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1216.0 - Australian Standard Geographical Classification (ASGC), Jul 2009  
Previous ISSUE Released at 11:30 AM (CANBERRA TIME) 16/09/2009   
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The ASGC was created to allow spatially comparable statistics to be collected and published by the ABS. However, this objective can only be achieved if the ASGC is consistently applied across all statistical work. The following publishing guidelines are therefore used in the ABS:

  • Where possible, each table relates to one particular ASGC structure only. This structure is identified in the table heading or a table footnote.
  • Where possible, the ASGC structure is represented in full. Omissions of one or more hierarchical levels in one structure are however, permissible. For example, the entire CD level or entire SSD level of the Main Structure may be omitted. All omissions are noted and explained in the publication.
  • Partial omissions from an ASGC structure may also be necessary because of confidentiality considerations. When ASGC spatial units have to be combined, the combinations are confined to spatial units which are:
      • within one ASGC structure
      • at the same hierarchical level
      • within one spatial unit at the next hierarchical level.

For example, in the Main Structure, two or more SLAs are combined within an SSD or, two or more SSDs within an SD.
  • In certain circumstances it is permissible in one table, to publish statistics which relate to more than one ASGC structure, for example, if statistics are required on LGAs and SDs. Extreme care is required, however, to ensure the statistics being cross-classified cover the same total area. For example, in some states and the Northern Territory, LGAs cover only part of the S/T, while SDs cover the entire S/T. A cross-classification of LGAs within SDs would therefore not be feasible if S/T totals were required. In this case, use of the Main Structure or the SR Structure would be more appropriate.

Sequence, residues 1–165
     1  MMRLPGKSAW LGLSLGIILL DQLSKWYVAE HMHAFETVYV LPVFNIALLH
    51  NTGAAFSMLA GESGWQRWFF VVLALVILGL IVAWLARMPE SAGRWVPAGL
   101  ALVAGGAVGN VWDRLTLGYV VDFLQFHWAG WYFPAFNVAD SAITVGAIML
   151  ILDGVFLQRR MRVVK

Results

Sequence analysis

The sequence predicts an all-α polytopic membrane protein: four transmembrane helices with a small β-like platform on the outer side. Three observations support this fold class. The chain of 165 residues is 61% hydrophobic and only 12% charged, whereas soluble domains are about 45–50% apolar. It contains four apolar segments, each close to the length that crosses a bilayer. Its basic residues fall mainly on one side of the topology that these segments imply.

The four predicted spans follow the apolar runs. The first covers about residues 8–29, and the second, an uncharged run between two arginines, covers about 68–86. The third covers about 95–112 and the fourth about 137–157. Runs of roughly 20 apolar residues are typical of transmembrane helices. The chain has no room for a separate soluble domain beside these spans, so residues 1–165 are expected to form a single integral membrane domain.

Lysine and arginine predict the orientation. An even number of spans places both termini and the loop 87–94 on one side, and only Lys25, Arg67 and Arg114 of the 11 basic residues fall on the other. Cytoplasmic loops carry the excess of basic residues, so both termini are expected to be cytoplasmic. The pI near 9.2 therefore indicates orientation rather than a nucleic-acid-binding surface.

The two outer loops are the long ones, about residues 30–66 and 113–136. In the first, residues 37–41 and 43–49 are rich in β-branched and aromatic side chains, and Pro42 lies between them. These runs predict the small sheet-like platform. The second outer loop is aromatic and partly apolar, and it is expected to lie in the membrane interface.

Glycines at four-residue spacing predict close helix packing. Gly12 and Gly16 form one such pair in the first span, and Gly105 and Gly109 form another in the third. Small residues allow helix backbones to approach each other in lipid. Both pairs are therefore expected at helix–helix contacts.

• ASGC spatial unit names are shown in table stubs or column headings. These should conform with those in the ASGC or authorised ASGC subsets.
  • Each file, document or publication containing statistics classified according to the ASGC specifies the applicable ASGC edition. This is necessary to ensure users can compare like areas across different collections.
  • Care should be taken in publishing ASGC spatial unit codes. In publications containing combined national, S/T data, ASGC spatial unit codes are quoted in conjunction with spatial unit names or prefixed by S/T codes to allow unique identification throughout Australia.

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